Buy/Drive/Burn: Large Luxury Sedans of Compromise in 2018

Corey Lewis
by Corey Lewis
buy drive burn large luxury sedans of compromise in 2018

Three large and luxurious sedans compete for around $70,000 of your hard-earned and imaginary Internet dollars. Surely this is a segment where compromise will not be a concern, right?


Today we proceed in order of engine displacement, largest to smallest:

Genesis G90

The Genesis brand’s largest vehicle debuted as the G90 for the 2017 model year, when the new sedan replaced the prior, unloved Hyundai Equus offering. At 204.7 inches in length, the G90 resides right between the smaller Cadillac CT6 and larger Lexus LS 500 in size, but it contains the largest engine. Entry-level Premium trims start with the turbocharged 3.3-liter V6 engine you’ll find in other Hyundai and Kia cars. But stepping up to the Ultimate trim nets the full-fat 5.0-liter V8. 420 naturally aspirated horses shift this 4,905-pound sedan. Power travels to all four wheels via an eight-speed automatic. The ask is $75,350, and the compromise is the badge.

Lexus LS 500

The LS model has always been the flagship sedan for the Lexus brand. A brand new fifth generation debuted for the 2018 model year, when Lexus decided it was time to shed the model’s conservative and quiet image. More in-your-face than ever before, the gigantic grille takes up nearly the entire frontage of this 206.1-inch sedan. Beneath the hood, the people at Lexus moved with the times and culled some cylinders. A 3.5-liter V6 powers the LS 500 in twin-turbo or hybrid arrangements. Today’s selection is the twin-turbo all-wheel drive version. The 4,905-pound LS is motivated by 416 horsepower and a 10-speed automatic. You’ll pay $78,420, and the compromise is the new cylinder count and some unfortunate styling decisions.

Cadillac CT6

The aluminum Cadillac CT6 has wowed North America’s relatively sparse large sedan crowd since the 2016 model year. Cadillac wanted a flagship sedan at its dealers, having been without one since the demise of the DTS at the end of 2011. CT6 rides on a unique Omega platform shared only with the Buick Avenir concept. Unfortunately, GM’s recent plant closure announcement included Detroit-Hamtramck Assembly, where the CT6 is built. But CT6 will still be around for 2018 and 2019, at least. Base versions of the CT6 previously received a sad 2.0-liter Ecotec engine, but we’re not interested in that today. We’re shopping the 3.0-liter twin-turbo Sport version, which motivates a lightweight 4,217-pound CT6 with 404 horsepower. All four wheels get power, delivered via an eight-speed automatic. CT6 is a bargain at $66,595, and the compromise is a little bit of badge and a lot of discontinued car.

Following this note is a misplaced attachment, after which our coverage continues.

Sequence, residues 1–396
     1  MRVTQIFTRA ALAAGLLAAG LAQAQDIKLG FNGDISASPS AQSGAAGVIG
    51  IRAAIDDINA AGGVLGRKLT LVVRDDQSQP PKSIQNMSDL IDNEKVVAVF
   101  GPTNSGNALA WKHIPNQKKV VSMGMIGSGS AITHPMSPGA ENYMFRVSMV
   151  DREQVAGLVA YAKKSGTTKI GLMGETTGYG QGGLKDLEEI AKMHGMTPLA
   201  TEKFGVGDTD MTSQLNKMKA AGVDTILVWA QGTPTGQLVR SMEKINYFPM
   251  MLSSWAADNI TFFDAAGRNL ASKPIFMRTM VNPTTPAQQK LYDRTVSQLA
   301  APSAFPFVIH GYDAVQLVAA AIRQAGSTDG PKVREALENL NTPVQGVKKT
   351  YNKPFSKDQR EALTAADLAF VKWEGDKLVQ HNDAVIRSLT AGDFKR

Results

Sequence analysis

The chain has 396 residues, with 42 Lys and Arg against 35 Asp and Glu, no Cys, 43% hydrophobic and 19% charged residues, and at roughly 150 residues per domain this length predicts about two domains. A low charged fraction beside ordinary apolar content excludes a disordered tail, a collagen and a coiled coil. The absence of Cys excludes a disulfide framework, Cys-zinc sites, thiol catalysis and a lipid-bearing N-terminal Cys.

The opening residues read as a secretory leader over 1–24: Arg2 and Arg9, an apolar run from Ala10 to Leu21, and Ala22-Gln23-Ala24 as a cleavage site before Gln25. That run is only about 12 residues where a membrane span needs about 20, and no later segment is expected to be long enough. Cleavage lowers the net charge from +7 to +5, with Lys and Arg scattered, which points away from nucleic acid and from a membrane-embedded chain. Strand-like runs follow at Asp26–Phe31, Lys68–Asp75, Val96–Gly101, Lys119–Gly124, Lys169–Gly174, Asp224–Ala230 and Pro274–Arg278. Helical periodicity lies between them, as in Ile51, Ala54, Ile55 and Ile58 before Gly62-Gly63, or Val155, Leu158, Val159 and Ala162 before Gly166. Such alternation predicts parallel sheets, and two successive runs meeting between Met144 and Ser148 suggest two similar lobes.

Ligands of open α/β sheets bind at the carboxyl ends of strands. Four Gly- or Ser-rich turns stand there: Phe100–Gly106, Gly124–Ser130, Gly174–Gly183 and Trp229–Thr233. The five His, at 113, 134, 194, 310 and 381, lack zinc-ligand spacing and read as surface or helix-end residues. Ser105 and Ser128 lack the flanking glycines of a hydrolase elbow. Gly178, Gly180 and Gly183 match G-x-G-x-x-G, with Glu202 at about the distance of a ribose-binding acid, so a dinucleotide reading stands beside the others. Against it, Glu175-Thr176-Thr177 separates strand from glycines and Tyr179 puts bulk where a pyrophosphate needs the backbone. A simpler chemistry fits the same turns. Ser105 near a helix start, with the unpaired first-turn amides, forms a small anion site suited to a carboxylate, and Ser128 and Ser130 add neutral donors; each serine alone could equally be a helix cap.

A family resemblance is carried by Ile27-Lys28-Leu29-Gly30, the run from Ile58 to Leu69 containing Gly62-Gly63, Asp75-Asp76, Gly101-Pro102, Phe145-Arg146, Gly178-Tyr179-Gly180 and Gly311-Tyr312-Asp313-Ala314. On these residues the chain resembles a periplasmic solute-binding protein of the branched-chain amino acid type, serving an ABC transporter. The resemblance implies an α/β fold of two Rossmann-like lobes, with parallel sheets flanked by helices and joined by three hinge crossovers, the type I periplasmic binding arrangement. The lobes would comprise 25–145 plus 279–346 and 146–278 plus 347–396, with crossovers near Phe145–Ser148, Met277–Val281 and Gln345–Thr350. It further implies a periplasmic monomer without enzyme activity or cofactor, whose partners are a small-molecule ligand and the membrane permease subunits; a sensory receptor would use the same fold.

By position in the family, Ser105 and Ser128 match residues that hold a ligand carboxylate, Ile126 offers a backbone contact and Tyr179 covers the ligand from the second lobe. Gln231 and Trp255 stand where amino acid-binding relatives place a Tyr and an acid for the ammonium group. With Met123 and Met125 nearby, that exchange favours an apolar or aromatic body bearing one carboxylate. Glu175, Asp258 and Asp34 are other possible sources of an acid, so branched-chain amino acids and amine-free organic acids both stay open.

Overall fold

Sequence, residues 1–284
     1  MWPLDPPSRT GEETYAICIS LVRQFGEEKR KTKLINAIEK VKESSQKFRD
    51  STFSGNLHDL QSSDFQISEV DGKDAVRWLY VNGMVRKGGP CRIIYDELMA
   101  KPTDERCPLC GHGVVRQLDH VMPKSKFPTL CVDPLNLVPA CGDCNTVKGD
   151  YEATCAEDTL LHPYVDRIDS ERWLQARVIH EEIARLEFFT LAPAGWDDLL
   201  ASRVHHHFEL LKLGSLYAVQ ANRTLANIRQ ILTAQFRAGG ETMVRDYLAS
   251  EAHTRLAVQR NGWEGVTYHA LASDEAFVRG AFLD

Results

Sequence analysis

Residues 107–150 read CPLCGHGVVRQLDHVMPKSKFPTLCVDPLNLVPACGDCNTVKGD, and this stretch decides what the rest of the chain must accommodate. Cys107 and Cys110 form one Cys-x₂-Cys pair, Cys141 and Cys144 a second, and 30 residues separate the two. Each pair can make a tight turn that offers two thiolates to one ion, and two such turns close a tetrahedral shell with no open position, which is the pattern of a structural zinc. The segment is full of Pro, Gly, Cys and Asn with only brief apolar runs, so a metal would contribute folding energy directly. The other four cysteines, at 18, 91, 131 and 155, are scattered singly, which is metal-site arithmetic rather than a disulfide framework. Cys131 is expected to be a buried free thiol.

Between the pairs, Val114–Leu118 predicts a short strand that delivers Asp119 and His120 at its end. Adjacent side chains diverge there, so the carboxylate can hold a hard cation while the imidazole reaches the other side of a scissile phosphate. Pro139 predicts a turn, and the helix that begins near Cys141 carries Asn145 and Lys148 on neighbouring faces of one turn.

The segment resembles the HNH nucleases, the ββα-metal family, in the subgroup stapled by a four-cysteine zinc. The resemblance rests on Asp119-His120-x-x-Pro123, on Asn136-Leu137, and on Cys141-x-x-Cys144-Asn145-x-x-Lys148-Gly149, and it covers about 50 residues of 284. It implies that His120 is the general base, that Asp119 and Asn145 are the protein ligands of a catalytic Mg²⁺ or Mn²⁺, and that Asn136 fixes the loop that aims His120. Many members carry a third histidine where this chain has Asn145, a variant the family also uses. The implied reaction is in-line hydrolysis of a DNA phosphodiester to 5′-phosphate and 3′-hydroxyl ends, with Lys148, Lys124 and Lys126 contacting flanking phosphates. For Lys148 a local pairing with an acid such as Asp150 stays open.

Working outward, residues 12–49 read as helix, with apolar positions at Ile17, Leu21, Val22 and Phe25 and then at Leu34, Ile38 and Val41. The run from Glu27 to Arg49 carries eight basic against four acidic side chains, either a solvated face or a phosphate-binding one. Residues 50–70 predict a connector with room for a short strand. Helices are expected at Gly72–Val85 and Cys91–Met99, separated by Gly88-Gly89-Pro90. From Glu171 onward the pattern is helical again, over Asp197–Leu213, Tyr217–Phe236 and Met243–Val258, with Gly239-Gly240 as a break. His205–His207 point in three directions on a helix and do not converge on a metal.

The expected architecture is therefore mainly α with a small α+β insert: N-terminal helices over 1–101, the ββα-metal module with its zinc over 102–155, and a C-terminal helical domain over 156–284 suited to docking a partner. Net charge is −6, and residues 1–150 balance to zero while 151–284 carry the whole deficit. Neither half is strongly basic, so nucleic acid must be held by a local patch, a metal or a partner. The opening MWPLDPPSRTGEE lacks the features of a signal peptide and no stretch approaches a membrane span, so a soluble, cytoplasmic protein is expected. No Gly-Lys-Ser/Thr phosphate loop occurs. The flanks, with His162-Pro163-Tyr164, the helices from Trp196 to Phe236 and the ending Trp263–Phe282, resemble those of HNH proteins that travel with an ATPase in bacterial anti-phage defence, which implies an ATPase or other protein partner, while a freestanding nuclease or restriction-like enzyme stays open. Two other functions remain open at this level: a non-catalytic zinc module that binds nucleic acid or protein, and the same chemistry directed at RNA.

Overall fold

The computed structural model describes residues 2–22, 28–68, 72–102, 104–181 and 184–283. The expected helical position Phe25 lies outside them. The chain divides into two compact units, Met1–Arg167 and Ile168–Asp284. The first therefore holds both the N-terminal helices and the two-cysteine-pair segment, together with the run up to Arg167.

Even luxury sedan buyers have to compromise. Which of these three gets the Buy?

[Images: GM, Toyota, Hyundai]

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2 of 40 comments
  • IBx1 IBx1 on Dec 17, 2018

    Buy the Lexus and enjoy that gorgeous interior Drive the Cadillac because it's not a hunday Burn every hunday

  • Bd2 Bd2 on Dec 17, 2018

    Buy - G90, but would wait until the refreshed model which has more interesting sheetmetal (albeit, some aspects are a bit polarizing). Drive - CT6, already the best handler of the group and should be an even more fun drive w/ the new TTV8; also, like the G90, it's refreshed sheetmetal is an improvement. Burn - L500, ugly as sin, but what makes it worse it that the new sheetmetal/body-style takes away from the purpose of a flagship sedan - passenger comfort at the rear (the sloping roofline compromises headroom).

  • ToolGuy VW (marque not group) and Tesla very nearly switched positions on a YTD basis.
  • RHD Inexpensive gasoline appears to be a thing of the past. ILO is correct - we have enough sunlight, wind and emerging ocean wave energy to power the entire country and then some. Clean air is nice, and being free of the whims of OPEC, geopolitics and hugely profitable oil companies will do all of us a world of good.
  • Raymond Segura Can you tell me where I can get the rear bumper for 69 impala?
  • Art Vandelay some of the crazy numbers I get. Percentages look bigger with any fluctuations with low volume makes and brands leaving the market will see massive month over month changes. But what’s with Buick? I still see the occasional ad on TV and yet the drop is disproportionate even compared to all the other GM brands.
  • Master Baiter "There is no mandate for consumers to buy EVs, not in any country or state. That’s made up."Right. And you are not mandated to purchase a toilet that only uses 1.6 gallons/flush. You could choose to not have a toilet--just go in the woods, like the bears do.